Cloud computing? Quantum photo filters? Uber for dogs? You're over-thinking the tech world, says Dave Morin—all he needs to turn his super-niche Facebook alternative into a winner is for you to buy stickers. Virtual stickers.

In an interview with the WSJ, Morin says his app's past of obscurity and privacy abuse are over. Now Path's adding "a million" users a week—a little hard to believe, unless Morin is tapping his old coworkers at Apple for promotional aid—and maybe even making money. The WSJ's Matt Lynley points to a perplexing chart from AppData, a metrics-gathering firm that's also a little hard to believe.

But what's most dubious of all here is the notion that Path's new "stickers" feature—basically, the ability to paste pictures of smiley faces eating hamburgers and shit—are going to be the app's Next Big Thing.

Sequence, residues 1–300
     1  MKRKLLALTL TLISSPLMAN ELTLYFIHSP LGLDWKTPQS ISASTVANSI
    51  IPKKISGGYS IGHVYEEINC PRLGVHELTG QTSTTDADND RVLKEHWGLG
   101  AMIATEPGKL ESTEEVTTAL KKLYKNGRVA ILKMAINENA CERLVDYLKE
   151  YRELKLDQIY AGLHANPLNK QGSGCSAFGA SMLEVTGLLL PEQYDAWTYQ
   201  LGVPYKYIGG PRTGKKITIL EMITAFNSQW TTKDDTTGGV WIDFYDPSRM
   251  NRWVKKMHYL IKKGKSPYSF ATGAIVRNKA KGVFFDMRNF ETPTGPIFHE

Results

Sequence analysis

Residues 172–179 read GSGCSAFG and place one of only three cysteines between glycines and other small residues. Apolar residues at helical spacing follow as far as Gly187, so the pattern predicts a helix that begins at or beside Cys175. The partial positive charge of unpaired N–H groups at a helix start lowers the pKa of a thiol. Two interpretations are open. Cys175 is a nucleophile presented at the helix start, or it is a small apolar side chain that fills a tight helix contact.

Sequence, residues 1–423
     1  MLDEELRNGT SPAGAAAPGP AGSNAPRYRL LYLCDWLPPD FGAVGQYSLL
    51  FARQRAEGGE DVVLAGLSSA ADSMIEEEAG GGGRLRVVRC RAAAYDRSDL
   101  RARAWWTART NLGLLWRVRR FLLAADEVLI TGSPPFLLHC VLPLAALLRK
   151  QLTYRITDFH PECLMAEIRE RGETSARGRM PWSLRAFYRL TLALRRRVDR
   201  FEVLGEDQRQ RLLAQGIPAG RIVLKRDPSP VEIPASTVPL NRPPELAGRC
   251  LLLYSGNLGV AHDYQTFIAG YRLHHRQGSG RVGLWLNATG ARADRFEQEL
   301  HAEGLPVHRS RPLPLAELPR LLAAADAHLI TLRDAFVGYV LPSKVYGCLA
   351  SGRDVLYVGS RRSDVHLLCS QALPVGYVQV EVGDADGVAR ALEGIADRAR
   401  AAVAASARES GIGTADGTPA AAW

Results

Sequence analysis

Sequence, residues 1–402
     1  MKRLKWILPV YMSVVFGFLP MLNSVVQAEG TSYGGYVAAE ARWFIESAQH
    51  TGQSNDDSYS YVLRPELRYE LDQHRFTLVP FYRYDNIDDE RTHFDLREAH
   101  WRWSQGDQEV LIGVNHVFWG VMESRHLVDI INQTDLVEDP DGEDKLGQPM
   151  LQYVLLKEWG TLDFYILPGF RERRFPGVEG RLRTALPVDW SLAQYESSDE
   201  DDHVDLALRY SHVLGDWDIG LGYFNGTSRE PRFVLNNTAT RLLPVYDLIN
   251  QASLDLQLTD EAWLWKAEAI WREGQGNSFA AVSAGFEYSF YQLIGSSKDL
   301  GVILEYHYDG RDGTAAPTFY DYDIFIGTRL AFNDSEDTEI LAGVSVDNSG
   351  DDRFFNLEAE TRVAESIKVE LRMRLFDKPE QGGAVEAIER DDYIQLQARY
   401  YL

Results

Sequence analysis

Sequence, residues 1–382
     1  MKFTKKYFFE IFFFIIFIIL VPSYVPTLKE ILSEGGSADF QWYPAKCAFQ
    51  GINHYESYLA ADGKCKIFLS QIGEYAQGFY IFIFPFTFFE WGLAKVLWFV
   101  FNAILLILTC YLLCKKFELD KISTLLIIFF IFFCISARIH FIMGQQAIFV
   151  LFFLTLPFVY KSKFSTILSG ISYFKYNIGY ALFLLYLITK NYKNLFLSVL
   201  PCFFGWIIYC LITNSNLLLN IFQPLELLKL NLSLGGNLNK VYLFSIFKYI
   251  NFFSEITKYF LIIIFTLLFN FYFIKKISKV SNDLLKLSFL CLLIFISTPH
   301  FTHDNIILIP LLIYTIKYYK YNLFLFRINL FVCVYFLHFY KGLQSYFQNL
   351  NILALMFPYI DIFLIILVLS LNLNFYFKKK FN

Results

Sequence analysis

Lynley, charitably, asks Morin to explain why a fad from the 90s will translate into 21st century anything:

WSJ: What’s prompting the growth? Messaging?

DM: [...] Messaging itself is really fast, and we have really fun stickers.

WSJ: How’s the stickers business going?

DM: It’s increasing every day, but we’re new to it. We didn’t really understand it and designed it with a lot of assumptions, but it’s doing quite well. We’re rolling out new stickers every week.

WSJ: Why do you think we’re seeing a kind of “renaissance” in messaging?

No point in pasting any more from the interview, because once you equate IMing pixelated stickers with a "renaissance in messaging," it's time to close the tab. [WSJ]